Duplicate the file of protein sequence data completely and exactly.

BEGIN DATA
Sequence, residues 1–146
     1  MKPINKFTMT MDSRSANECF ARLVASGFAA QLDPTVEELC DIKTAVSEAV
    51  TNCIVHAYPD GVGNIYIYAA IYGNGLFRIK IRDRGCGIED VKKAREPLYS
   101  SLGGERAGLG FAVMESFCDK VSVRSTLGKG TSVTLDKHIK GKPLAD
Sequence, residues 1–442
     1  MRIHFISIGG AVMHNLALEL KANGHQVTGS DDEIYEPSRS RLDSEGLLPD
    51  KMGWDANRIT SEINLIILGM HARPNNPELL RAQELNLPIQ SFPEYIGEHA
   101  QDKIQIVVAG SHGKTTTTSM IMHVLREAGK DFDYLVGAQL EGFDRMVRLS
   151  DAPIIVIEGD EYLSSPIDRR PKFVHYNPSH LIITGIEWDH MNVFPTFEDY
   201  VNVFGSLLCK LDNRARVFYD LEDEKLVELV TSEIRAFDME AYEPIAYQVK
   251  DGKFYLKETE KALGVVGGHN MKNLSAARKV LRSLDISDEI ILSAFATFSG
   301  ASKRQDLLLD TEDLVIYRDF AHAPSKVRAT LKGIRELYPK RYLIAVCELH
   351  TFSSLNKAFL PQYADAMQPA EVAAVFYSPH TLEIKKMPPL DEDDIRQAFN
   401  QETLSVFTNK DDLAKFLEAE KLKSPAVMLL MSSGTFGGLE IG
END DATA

Sequence, residues 1–146
     1  MKPINKFTMT MDSRSANECF ARLVASGFAA QLDPTVEELC DIKTAVSEAV
    51  TNCIVHAYPD GVGNIYIYAA IYGNGLFRIK IRDRGCGIED VKKAREPLYS
   101  SLGGERAGLG FAVMESFCDK VSVRSTLGKG TSVTLDKHIK GKPLAD
Sequence, residues 1–442
     1  MRIHFISIGG AVMHNLALEL KANGHQVTGS DDEIYEPSRS RLDSEGLLPD
    51  KMGWDANRIT SEINLIILGM HARPNNPELL RAQELNLPIQ SFPEYIGEHA
   101  QDKIQIVVAG SHGKTTTTSM IMHVLREAGK DFDYLVGAQL EGFDRMVRLS
   151  DAPIIVIEGD EYLSSPIDRR PKFVHYNPSH LIITGIEWDH MNVFPTFEDY
   201  VNVFGSLLCK LDNRARVFYD LEDEKLVELV TSEIRAFDME AYEPIAYQVK
   251  DGKFYLKETE KALGVVGGHN MKNLSAARKV LRSLDISDEI ILSAFATFSG
   301  ASKRQDLLLD TEDLVIYRDF AHAPSKVRAT LKGIRELYPK RYLIAVCELH
   351  TFSSLNKAFL PQYADAMQPA EVAAVFYSPH TLEIKKMPPL DEDDIRQAFN
   401  QETLSVFTNK DDLAKFLEAE KLKSPAVMLL MSSGTFGGLE IG